Friday night we were preparing to shoot photos of our Rock & Roll Halloween costumes
when tragedy struck. I put my Nikon D7000 on the tripod, shot a few test shots then noticed the camera started making a pretty awful clunking noise. It would no longer focus, the live preview wouldn't enable, and the camera controls became unresponsive. I replaced the battery, swapped the memory cards and changed the lens, but all to no avail. The camera seemed to be in mirror lock-up mode, but the shutter wouldn't actuate and the autofocus servos weren't moving. The last photo the camera took shows obvious signs of a state of failure. I'm not really sure what's happening in this photo.
In this photo, there's clearly something amiss.
I started getting an error message on the top LCD, a cryptic and uninformative, 'Err'. I did some Googling and quickly realized that this is a pretty serious problem, and that the camera would have to be shipped back to Nikon for repair. The camera was still under warranty (purchased in December of 2010
), so today its off to Long Island and I'll wait for news.
Luckily we had a D40 on hand, so we went ahead with our Halloween shoot. I'm glad this problem surfaced now, rather than two weeks ago on vacation
, or during our upcoming trip to China. Having a camera fail on the road would be pretty disheartening. Perhaps the moral of the story is always have a backup DSLR handy. That sounds expensive and impractical.
Since 2005, I've had a Nikon D70 (now in use by my father), a Nikon D80 (now in use by my sister) and this Nikon D7000. This is the first time I've had to seek a repair, and hopefully the last. I guess we'll see. Wish me luck. Update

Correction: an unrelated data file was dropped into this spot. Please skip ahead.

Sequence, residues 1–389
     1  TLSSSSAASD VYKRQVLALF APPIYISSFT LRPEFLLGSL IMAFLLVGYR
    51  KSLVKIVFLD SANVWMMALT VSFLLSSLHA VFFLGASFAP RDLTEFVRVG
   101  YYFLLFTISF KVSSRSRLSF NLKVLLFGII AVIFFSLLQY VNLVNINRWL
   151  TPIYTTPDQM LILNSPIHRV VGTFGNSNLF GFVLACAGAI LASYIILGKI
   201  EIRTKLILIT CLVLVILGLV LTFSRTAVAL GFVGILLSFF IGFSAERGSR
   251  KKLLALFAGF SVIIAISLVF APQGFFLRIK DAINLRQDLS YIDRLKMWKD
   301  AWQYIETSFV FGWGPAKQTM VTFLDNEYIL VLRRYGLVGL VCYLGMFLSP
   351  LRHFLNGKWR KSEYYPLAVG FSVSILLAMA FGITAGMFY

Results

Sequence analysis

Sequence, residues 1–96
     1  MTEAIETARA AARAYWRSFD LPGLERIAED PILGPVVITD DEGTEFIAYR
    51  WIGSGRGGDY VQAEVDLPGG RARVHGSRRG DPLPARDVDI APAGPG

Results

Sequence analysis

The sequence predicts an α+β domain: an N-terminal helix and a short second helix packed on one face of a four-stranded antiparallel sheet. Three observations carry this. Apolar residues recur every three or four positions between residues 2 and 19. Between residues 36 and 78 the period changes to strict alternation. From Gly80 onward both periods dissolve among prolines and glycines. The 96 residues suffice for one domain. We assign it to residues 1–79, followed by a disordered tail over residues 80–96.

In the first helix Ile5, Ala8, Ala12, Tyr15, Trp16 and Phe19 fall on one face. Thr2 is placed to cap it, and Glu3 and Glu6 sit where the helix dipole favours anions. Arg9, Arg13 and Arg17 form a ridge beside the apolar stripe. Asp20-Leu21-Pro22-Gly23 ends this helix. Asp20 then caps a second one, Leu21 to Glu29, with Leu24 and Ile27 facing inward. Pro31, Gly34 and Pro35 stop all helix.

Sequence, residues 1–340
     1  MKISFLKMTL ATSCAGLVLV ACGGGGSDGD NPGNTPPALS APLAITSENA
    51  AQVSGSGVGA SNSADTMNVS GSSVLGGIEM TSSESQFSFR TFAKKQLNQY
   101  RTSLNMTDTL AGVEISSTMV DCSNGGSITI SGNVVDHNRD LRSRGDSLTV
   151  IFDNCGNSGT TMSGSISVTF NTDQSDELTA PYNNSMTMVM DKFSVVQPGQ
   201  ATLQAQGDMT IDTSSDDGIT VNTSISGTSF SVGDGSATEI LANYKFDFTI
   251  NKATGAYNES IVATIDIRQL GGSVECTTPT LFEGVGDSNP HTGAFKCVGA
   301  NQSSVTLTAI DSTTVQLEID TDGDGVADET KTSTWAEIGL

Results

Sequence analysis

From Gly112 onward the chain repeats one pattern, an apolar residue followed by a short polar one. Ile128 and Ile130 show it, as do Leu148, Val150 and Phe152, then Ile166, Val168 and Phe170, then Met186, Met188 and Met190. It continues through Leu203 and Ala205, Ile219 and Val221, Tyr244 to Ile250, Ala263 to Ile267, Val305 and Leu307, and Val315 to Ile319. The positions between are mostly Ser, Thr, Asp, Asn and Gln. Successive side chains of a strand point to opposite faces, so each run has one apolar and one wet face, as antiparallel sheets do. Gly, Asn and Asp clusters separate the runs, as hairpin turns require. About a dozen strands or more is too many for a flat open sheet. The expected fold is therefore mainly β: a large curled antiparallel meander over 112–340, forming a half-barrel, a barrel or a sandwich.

: I got the camera back about a month later
. Per the warranty, I shipped the camera off to the repair depot on Long Island. Most of the time was spent waiting for parts, but eventually I learned from the repair manifest that the entire shutter mechanism was replaced. From this I gather that the D7000 ERR is a big deal. The camera seems to be working great now, but I'm nervous it might happen again, so now I carry at D40x as backup while traveling. Wish me luck! Update 2
: Its been many months since the D7000 repair, including a few very extensive and photo-heavy overseas trips. The camera has performed flawlessly since having the shutter mechanism replaced. This summer I got a D800, but kept the D7000 as a back-up body and for shooting timelapse sequences. Fingers still crossed, but so far, so good.